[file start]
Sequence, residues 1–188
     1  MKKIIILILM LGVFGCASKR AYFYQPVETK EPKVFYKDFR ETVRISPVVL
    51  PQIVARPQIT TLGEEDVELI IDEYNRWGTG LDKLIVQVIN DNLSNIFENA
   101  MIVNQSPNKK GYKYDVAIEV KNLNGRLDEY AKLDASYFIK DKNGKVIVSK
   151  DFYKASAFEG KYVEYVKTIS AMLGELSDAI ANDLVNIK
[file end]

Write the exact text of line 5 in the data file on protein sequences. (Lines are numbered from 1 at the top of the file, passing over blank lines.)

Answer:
   151  DFYKASAFEG KYVEYVKTIS AMLGELSDAI ANDLVNIK